Currently running at Chichester, in the Minerva Theatre is a three-hander play by Michael Frayn, premiered in 1998, based on events from some 75 years ago, when two giants of theoretical physics, Neils Bohr and Werner Heisenberg. Patricia Hodge as Margrethe Bohr, Charles Edwards as Werner Heisenberg and Paul Jesson as Neils Bohr kept the narrative tight, as was demanded from the script, ensuring that the audience was kept in thrall.
It was challenging, as much because it referenced many historical events and key people, so could be hard to keep up.
It was fascinating because it showed how ideas were being shared, formally through published works and meetings among this eminent group, where publication and talks were seen as opportunities to share current insights and to allow others to question and challenge.
In so doing, other individuals, such as Rudolf Peierls, Lise Meitner, Erwin Schrodinger and Max Born, to work on specific details and to take credit for each of their articulations. All of them were detailing parts of a whole that many actually feared; the potential for, and the impact of, splitting atoms. On their own, each part was benign.
Frighteningly, as some had postulated, combined as they ultimately were, with a number of expatriate nationalities, at Los Alamos, under Robert Oppenheimer, they created the atomic bomb.
The play demonstrated that the younger German scientist was mentored in his early career by Bohr, seeing him as a father figure and pre-eminent in their field. Heisenberg returned to Germany at the start of WW2 and oversaw elements of uranium enrichment, with the ultimate aim of securing a nuclear warhead. He knew the worth of Bohr and resulted in an abortive visit, in 1941, to see Bohr in Denmark, to try to elicit some information or his help in his project. Rebuffed, it isn’t clear if he was helpful in Bohr’s escape to the USA in 1942.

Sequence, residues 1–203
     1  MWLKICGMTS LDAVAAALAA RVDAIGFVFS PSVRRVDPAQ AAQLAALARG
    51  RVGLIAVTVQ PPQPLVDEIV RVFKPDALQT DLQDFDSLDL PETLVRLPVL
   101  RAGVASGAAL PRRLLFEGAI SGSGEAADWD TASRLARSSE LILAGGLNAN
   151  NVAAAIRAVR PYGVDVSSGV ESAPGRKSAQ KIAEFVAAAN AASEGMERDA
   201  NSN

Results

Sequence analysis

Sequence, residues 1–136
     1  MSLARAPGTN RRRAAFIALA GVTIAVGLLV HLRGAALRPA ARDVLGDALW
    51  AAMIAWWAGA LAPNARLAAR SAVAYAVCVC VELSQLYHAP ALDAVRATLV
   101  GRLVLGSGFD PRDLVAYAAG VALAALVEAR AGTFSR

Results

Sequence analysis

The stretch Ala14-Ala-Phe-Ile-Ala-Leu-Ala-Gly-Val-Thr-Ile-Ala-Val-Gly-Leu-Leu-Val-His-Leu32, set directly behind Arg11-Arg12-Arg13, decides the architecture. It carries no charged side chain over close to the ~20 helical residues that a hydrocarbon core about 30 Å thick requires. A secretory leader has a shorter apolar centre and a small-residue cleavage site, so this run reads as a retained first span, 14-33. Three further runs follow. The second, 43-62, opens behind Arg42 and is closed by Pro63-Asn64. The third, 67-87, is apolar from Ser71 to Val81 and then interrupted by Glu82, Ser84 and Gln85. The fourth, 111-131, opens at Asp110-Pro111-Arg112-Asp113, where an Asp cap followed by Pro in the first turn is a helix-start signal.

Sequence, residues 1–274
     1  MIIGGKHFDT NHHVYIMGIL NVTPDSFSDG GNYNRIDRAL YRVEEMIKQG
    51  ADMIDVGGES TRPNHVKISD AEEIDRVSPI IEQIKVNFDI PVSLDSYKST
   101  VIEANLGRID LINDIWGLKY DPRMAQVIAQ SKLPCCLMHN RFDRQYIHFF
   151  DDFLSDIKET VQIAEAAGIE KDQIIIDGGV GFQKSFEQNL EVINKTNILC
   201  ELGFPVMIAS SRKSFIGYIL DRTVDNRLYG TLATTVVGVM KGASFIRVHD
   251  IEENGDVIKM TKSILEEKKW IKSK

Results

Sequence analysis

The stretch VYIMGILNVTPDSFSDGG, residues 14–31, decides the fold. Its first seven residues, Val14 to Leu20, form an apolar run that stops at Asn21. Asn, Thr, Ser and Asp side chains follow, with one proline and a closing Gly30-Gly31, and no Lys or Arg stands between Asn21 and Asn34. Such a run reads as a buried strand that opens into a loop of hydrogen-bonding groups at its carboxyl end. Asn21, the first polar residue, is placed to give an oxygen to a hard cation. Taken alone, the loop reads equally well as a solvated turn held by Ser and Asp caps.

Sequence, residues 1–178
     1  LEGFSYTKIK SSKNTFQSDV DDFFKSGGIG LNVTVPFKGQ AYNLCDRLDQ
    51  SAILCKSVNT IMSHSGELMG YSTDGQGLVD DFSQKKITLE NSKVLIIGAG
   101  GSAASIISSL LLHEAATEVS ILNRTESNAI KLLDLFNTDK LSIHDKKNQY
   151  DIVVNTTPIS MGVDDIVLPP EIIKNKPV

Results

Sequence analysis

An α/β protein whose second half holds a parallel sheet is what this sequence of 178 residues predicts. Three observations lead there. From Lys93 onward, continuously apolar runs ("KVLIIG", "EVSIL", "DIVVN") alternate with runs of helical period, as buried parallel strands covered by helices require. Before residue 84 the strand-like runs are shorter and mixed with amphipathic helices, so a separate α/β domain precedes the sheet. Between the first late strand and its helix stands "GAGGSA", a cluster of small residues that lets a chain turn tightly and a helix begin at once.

It was a play that brought the protagonists together in death, to reminisce about the earlier meeting and to seek to elicit the truth behind Heisenberg’s visit. Bohr adopted his mentor role and encouraged a number or iterations of the sequence of events, to help Heisenberg to clearly articulate his reasoning. This was interesting, as it demonstrated the potential of one person to help another to clarify their thinking, simply through encouraging them to talk through inconsistencies, or areas that are less clear.
This approach allowed Heisenberg to propose the Uncertainty Principle; asserting a fundamental limit to the precision with which certain pairs of physical properties of a particle, known as complementary variables can be known. Historically, the uncertainty principle has been confused with a somewhat similar effect in physics, called the observer effect, which notes that measurements of certain systems cannot be made without affecting the systems, that is, without changing something in a system. Heisenberg and Bohr undertook “thought experiments”, where they sought to visualise the effect of what they were seeking to capture in mathematical formulae, often resorting to long walks in order to do so uninterrupted.
One key message that I took that would have resonance in education would be the importance of a “talk partner”, not just for the children, as can often be seen in day to day practice, but also for teachers at every stage. Coaching and mentoring, if sensitively handled, allows for clarity of thought and articulation, the process ultimately leading to increased understanding and sometimes new areas for consideration.
The second key message would be that collegiate thinking or thought experiment, enables expertise in specific areas to ultimately be combined to enhance the whole. Each of us sees the world in slightly different ways. We learn from and through each other; the whole being greater than the sum of the parts.
Education is not about creating the atomic bomb.
It is about one generation helping a new generation to learn to take in information, to think, to articulate their current thinking, enabling an engaged other to reflect back or question this thinking, to seek to help each child to continue on their journey, their own “thought experiments”, which ultimately is a contributor to how each of us develops as learners in our own right.